This historical myopia is very much part of the problem, of course. Americans are so ready to denounce supposed enemies without doing the slightest bit of historical homework to make sense of the situation.

If you don't know that the United States actually canceled elections and helped assassinate a "democratic" president in Vietnam, of course you're going to support war there.

If you don't know that the United States toppled a democratically elected Iranian government to steal the country's oil and then installed a brutal dictatorship in its place, of course you're going to be angry at U.S. diplomats being held hostage.

And if you don't bother to learn the true history of Iraq, perhaps you'll find the WMD argument quite persuasive.

But, in fact, even without the historical background information, it never made a damn bit of sense:

Iraq had been pulverized by war and sanctions for over 20 years prior to 2003. Two-thirds of its airspace was controlled by foreign militaries. Its northern region was effectively autonomous, a separate country in all but name. It was in no position to attack anyone. Moreover, it hadn't attacked anyone -- not the United States or anyone else. Indeed, it hadn't even threatened to attack anyone. Shouldn't that be part of the calculation in determining whether to go to war? Do we really want to give carte blanche to any dry (we hope) drunkard in the White House who today wants to bomb Norway ("They're stealing our fish!") or tomorrow wants to invade Burkina Faso ("They dress funny!")?

Too often, of course, the historical answer to that question has unfortunately been yes, we apparently do want to do that.

But let's consider the massive warning signs in this case, even apart from what could be known about the administration's lies at the time:

Shouldn't it have been enormously problematic that Iraq had nothing to do with 9/11?

Even the administration never had the gall to make that claim. Wasn't it transparent to anyone that America had plenty on its plate already in dealing with the enemy we were told we had, rather than adding a new adventure to the pile?

And why wasn't this thing selling throughout the world, or even amongst the traitorous half of the Democratic Party in Congress?

Remember how everyone at home and abroad -- yes, including the French -- supported the United States and its military actions in Afghanistan only 12 months before?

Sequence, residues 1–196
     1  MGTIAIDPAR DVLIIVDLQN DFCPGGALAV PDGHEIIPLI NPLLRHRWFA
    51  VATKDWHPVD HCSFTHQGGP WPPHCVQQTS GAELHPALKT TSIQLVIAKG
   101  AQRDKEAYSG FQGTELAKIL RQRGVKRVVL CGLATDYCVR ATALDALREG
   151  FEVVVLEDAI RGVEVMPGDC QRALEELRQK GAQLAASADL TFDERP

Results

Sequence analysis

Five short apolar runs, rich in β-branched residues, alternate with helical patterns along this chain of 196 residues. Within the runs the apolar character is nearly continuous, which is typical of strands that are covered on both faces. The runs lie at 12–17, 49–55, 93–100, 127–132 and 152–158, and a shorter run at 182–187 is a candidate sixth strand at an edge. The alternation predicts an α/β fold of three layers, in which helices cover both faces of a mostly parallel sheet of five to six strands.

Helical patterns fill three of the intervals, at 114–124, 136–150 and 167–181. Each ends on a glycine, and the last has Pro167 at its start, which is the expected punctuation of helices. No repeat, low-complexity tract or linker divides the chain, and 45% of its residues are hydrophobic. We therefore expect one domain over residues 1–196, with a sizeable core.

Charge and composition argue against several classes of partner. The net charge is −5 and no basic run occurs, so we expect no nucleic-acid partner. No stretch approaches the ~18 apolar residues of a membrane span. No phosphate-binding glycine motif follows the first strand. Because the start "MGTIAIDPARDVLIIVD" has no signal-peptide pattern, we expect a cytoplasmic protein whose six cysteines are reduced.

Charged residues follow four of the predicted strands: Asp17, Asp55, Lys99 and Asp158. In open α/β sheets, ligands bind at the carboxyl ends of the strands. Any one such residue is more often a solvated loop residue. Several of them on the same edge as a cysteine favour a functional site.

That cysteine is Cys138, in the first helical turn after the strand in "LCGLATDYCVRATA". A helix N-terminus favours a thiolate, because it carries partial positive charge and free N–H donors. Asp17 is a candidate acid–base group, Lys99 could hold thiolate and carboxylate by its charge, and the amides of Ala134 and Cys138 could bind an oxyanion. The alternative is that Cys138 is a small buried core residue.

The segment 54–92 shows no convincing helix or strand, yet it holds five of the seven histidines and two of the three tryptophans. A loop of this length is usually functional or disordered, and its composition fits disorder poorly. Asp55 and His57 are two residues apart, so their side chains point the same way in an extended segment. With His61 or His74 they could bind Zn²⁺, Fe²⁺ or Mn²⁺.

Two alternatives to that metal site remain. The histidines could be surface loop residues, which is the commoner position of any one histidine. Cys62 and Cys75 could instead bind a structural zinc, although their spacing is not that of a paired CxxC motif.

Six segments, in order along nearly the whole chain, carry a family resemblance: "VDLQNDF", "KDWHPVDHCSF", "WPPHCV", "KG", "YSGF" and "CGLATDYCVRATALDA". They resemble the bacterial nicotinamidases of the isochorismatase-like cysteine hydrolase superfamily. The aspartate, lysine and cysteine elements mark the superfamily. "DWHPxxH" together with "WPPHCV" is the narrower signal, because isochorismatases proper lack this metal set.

Shouldn't it have been a warning sign of epic proportions that these same folks wouldn't countenance a war in Iraq just a year later?

That the administration had to yank its Security Council resolution off the table, even after breaking both the arms of every member-state around the horseshoe table, because it could still only get Britain and two other patsies to lie down for this outrage, out of a total of 15, and nine needed to pass?

And how about the logic of that whole WMD thing, after all?

Did anyone ever stop to think that 36 other countries were thought to have clandestine WMD programs, including around a dozen that are pretty hostile to the United States?

Did anyone not remember that the Soviets once had nearly 25,000 strategic nuclear warheads pointed in our direction?

What ever happened to the logic of deterrence? To mutually assured destruction?

And what about the mad rush to go to war, preempting the U.N. weapons inspectors from doing their job?

Are we really OK with the notion that instead of "risking" whatever would have been at risk by giving the inspectors another six or eight weeks to finish up, we've instead bought this devastating war down on our own heads for no reason at all?

The second rationale for war was the bogus linkage between Iraq and al Qaeda:

The extent and ramifications of this lie are so significant that the White House, it was just recently revealed, squelched a Pentagon report showing no connections between the two.

Remember how definitive Cheney and the rest were of this supposed al Qaeda linkage, based pretty much entirely on a meeting between two operatives in Prague which likely didn't even take place?

Now we find out that the Department of Defense has spent the last five years combing through a mere 600,000 documents, and found zero evidence of such a link. Not some evidence. Not mixed evidence. Zero evidence.

Then, once again, there's the matter of that whole pesky logic thing:

Pay attention now, class. What do we know about al Qaeda?

They are devoted to religious war -- jihad -- in the name of replacing governments across the Middle East with theocracies, or better yet recreating the old Islamic caliphate stretching across the region, right? Right.